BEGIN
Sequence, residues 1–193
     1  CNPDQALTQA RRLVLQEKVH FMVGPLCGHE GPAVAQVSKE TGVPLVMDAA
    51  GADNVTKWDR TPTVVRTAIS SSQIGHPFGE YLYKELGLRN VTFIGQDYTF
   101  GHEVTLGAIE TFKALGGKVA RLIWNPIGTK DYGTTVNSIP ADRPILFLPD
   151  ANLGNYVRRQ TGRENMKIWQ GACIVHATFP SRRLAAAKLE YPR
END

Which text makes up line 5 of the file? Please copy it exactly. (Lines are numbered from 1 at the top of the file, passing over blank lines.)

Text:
   151  ANLGNYVRRQ TGRENMKIWQ GACIVHATFP SRRLAAAKLE YPR